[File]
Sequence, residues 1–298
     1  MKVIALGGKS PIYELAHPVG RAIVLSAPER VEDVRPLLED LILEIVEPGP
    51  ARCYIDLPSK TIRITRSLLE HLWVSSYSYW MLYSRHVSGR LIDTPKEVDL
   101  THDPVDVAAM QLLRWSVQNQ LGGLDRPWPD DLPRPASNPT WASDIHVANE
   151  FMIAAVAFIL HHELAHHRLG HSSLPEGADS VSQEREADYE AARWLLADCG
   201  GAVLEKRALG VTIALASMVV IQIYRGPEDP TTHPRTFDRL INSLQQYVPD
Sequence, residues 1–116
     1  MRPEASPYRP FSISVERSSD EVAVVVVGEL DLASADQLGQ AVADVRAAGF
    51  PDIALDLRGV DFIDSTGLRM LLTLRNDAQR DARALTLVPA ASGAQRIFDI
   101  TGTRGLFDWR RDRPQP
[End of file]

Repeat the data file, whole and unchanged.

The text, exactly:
Sequence, residues 1–298
     1  MKVIALGGKS PIYELAHPVG RAIVLSAPER VEDVRPLLED LILEIVEPGP
    51  ARCYIDLPSK TIRITRSLLE HLWVSSYSYW MLYSRHVSGR LIDTPKEVDL
   101  THDPVDVAAM QLLRWSVQNQ LGGLDRPWPD DLPRPASNPT WASDIHVANE
   151  FMIAAVAFIL HHELAHHRLG HSSLPEGADS VSQEREADYE AARWLLADCG
   201  GAVLEKRALG VTIALASMVV IQIYRGPEDP TTHPRTFDRL INSLQQYVPD
Sequence, residues 1–116
     1  MRPEASPYRP FSISVERSSD EVAVVVVGEL DLASADQLGQ AVADVRAAGF
    51  PDIALDLRGV DFIDSTGLRM LLTLRNDAQR DARALTLVPA ASGAQRIFDI
   101  TGTRGLFDWR RDRPQP